Last Sunday I spent six hours in the garden, planting 60 hills of potatoes, 80 leeks, and 120 onions, among other things. Monday morning I had a tough time getting out of bed. But I must say the discomfort I felt was strangely gratifying, because not only did I get a lot of gardening done, I also burned a lot of calories. Just how many calories, you ask?
The other night my son asked me if it was time to plant potatoes. I paused momentarily to soak in the pride I felt knowing that he, along with his younger brother, have made gardening a part of their lives. (I’m sure their sister will do likewise once she moves out of her tiny apartment in Queens, NY.) Then I turned to him and said, “Check the four-inch soil temperature.”
In the past few weeks, I’ve repeatedly heard the claim that the recent snap of cold weather means the bugs won’t be bad this year. The idea of course is that bugs can’t survive prolonged cold temperatures and therefore their populations will be greatly reduced if not eliminated entirely. But does that claim have any basis in fact?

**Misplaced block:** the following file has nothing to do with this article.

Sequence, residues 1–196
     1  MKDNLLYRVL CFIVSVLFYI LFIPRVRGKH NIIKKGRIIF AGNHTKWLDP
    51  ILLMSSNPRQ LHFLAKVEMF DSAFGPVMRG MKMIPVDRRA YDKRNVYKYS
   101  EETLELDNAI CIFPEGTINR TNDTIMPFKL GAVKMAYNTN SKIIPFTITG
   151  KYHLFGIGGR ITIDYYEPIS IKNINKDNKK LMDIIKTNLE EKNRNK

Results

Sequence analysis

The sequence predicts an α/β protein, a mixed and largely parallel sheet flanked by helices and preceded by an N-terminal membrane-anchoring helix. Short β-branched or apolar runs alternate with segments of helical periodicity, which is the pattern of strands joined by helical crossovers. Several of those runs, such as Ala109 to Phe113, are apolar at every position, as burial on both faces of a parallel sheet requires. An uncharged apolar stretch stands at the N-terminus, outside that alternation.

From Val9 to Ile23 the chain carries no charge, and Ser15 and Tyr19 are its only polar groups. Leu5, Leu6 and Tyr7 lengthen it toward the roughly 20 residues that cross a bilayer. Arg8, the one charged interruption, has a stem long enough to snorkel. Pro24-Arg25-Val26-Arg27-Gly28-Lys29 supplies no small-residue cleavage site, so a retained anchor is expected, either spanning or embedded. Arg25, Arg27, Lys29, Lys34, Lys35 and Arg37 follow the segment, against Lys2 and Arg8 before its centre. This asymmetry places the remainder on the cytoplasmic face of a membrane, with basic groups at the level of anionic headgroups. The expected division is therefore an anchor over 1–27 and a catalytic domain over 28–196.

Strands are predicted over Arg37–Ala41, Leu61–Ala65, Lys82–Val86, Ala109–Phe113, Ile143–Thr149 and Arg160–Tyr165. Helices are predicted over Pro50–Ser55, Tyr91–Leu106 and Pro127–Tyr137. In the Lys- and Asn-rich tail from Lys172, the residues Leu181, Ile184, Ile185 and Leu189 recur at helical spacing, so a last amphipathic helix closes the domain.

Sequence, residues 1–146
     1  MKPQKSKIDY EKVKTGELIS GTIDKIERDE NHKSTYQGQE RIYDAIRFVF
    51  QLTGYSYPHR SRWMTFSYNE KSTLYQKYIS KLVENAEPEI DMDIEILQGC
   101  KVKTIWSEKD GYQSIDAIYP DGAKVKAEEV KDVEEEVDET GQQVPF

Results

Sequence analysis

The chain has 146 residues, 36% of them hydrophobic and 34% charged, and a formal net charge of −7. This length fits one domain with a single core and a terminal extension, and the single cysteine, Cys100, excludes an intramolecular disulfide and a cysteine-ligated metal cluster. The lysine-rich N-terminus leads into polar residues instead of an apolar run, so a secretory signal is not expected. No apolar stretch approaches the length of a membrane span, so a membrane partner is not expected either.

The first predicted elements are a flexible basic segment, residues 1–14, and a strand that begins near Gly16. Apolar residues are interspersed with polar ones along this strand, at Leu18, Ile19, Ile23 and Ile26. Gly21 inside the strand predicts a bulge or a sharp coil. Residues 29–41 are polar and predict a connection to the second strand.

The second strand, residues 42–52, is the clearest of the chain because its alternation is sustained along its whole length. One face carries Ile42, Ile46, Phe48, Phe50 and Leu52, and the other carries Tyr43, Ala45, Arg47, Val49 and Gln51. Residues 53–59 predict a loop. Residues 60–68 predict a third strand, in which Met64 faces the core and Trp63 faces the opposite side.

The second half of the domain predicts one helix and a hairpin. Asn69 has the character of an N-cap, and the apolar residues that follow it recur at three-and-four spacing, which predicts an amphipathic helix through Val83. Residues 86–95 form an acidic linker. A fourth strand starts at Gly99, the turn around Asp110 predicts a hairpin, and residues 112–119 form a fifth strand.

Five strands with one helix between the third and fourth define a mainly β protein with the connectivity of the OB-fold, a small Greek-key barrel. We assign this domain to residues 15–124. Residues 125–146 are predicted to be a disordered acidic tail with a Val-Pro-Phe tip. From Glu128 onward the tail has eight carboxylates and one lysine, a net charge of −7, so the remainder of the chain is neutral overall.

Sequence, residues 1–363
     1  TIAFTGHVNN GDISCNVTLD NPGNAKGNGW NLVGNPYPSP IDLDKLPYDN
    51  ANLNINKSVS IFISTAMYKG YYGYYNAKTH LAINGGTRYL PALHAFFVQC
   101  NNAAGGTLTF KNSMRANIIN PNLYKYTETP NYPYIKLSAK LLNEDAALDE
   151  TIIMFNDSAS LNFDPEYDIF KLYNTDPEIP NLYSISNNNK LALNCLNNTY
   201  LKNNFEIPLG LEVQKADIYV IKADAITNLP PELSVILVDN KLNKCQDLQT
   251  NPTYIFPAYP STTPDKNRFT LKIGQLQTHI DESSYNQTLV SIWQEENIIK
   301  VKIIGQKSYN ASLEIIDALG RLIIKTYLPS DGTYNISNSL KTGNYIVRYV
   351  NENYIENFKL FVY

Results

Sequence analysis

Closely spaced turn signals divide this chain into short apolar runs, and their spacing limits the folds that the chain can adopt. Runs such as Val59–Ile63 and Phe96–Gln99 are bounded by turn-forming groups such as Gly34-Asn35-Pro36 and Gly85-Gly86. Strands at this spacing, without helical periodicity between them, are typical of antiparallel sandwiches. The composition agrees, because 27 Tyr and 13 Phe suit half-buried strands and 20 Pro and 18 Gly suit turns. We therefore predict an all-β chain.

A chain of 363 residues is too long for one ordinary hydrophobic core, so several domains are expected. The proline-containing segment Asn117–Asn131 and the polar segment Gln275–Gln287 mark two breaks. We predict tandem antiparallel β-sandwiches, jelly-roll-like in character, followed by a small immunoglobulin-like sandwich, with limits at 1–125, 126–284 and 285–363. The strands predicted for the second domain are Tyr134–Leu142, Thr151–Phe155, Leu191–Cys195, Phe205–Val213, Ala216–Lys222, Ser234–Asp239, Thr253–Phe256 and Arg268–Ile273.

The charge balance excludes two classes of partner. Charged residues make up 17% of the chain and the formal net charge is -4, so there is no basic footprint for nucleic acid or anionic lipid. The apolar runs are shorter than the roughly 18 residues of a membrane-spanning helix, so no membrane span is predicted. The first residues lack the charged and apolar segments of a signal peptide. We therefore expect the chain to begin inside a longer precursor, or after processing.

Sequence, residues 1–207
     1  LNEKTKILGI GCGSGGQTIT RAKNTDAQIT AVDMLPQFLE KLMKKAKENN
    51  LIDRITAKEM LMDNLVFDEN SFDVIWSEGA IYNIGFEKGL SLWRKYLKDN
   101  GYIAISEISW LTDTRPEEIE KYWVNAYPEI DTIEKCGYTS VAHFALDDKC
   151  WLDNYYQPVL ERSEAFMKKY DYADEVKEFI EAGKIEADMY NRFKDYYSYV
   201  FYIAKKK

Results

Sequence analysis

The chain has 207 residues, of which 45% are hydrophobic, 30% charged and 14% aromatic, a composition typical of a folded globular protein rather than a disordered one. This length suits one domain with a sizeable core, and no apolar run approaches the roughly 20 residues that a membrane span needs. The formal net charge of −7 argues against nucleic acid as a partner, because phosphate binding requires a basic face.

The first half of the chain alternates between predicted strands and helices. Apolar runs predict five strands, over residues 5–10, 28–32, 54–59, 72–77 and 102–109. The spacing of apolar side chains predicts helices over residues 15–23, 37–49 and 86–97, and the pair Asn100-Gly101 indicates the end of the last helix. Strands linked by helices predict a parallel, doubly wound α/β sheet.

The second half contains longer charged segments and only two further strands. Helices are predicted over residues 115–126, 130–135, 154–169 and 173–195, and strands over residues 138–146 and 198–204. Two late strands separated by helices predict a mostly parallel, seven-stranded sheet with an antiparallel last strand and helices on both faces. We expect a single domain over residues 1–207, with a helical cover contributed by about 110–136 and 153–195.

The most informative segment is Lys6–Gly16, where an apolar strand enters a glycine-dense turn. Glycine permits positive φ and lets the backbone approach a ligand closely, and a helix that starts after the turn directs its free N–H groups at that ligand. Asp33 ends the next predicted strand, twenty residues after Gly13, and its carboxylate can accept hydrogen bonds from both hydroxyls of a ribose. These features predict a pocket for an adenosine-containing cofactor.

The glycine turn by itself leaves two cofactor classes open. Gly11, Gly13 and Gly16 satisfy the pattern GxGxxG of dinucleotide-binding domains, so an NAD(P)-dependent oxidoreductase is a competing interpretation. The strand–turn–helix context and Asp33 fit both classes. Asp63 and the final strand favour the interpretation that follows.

I know. It’s been colder than a well-digger’s foot lately, and for that reason I haven’t spent much time in the garden since the holidays. But I have been thinking a lot about my garden and trying to imagine what changes I want to make once the weather warms up. And thankfully, finally, it looks as though it’s about to do just that.
When it comes to spring-flowering bulbs, the stars of the show are daffodils, tulips, crocuses, and hyacinths. But the supporting cast of players, although less familiar, are no less beautiful and deserve a spot in every garden. So when shopping for bulbs this month, you owe it to yourself to consider the following, all of which are easy to grow and come back year after year.
Every year for the past 30 years or more, I’ve tried to convince my friends and fellow gardeners that now is the perfect time to plant all kinds of things. So here I go again. But to be clear, I’m not talking about things that most folks know to plant in fall – mums, pansies, asters, ornamental kale and cabbage, cool-season veggies, fescue and rye grasses, spring-flowering bulbs – the stuff that practically defines fall planting. I’m talking about practically everything else, in particular trees, shrubs, and perennials.